Mammoth hair produces DNA bounty


Sep 28, 2007

A rapid technique for isolating DNA in hair has yielded a mass of new information about woolly mammoths.

An international research team says the process should work on other extinct animals, allowing their genetics to be studied in detail for the first time.

The mammoth DNA was taken from the hair shaft which was long thought to be a poor source for the "life molecule".

But the group tells Science magazine that the shaft's keratin material slows degradation and limits contamination.

"The idea has been that all the DNA is in the root and that the shaft is DNA-void, or of much lower quality," explained co-worker Dr Tom Gilbert from the University of Copenhagen, Denmark.

"This is why when we screened a whole load of mammoths, we thought we might be lucky if we took enough hair from one of them. Basically, for every mammoth we tried, it worked. That blew us away," he told the BBC.

Hair and hooves

The traditional route to DNA in ancient samples is through bones and preserved muscle, but any genetic material usually falls apart very soon after death and is prone to contamination from bacteria.

Having a new route to large quantities of well-preserved DNA should be a real boon to scientific research, Gilbert and colleagues say.

The team read the DNA using an established technology known as "sequencing-by-synthesis" - but its application to hair in the context of ancient samples is novel.

"The reason we think hair is so great comes down to the fact that as a structure, hair is made out of this material called keratin," explained Dr Gilbert, who works out of Copenhagen's Center for Ancient Genetics.

"It's a kind of protein that in a very simplistic sense can be viewed as a plastic that the DNA gets embedded in and surrounded by and protected by."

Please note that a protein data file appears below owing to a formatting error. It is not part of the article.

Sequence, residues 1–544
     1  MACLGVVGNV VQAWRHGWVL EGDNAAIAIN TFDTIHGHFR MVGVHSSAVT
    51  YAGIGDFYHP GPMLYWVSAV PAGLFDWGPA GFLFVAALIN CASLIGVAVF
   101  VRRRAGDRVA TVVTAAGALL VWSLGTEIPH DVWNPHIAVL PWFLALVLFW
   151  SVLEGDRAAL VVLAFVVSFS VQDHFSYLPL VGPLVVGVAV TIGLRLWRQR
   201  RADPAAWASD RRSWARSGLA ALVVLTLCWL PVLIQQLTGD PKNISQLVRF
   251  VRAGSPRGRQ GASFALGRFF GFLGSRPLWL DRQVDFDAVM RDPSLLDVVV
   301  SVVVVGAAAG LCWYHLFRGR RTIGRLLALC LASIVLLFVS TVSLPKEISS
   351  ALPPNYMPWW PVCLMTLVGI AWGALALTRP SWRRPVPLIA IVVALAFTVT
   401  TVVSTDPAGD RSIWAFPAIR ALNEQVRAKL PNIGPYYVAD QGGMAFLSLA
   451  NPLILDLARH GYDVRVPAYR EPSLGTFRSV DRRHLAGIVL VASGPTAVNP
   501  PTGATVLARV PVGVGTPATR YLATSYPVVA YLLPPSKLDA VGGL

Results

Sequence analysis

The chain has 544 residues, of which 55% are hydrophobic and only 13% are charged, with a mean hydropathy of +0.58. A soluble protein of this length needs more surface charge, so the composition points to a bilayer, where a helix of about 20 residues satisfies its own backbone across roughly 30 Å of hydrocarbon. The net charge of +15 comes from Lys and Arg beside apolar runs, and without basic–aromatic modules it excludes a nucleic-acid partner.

The scientists think the approach will also work for other items built from the durable protein, such as horns, nails, antlers, hooves and even feathers.

They say museum collections must hold countless specimens of recently extinct creatures from which researchers would love to get genetic information but had never bothered because they believed their DNA to be corrupted and beyond analysis.

Ice mummies

Gilbert and colleagues targeted the mammoths' mitochondrial DNA, a special type of DNA frequently used to measure the genetic diversity of populations - how closely different groups of organisms are related to each other.

Where previously only two mammoth mitochondrial genomes had been published, the Science paper reports the production of 10 new ones, including one from the very first mammoth that was studied - the so-called Adams mammoth, which was found in 1799 and has been stored at room temperature for the last 200 years.

"From our experience working with old samples, the colder a sample has been preserved the better the quality of DNA. So, we're looking at permafrost animals -woolly rhino, for example.

"There are also a lot of old bison and horse mummies turning up in the permafrost. It's not just animals, there are humans [too]; there are a lot of mummies around the world with hair, ranging from Egypt, South America to the more cold, better-preserved ones in Greenland."

Asked the classic question about whether it would be possible to clone any extinct creatures back into existence, Dr Gilbert said that even if the full genetic sequence of a mammoth could be retrieved, the technology did not currently exist to turn that biochemical information into a live animal.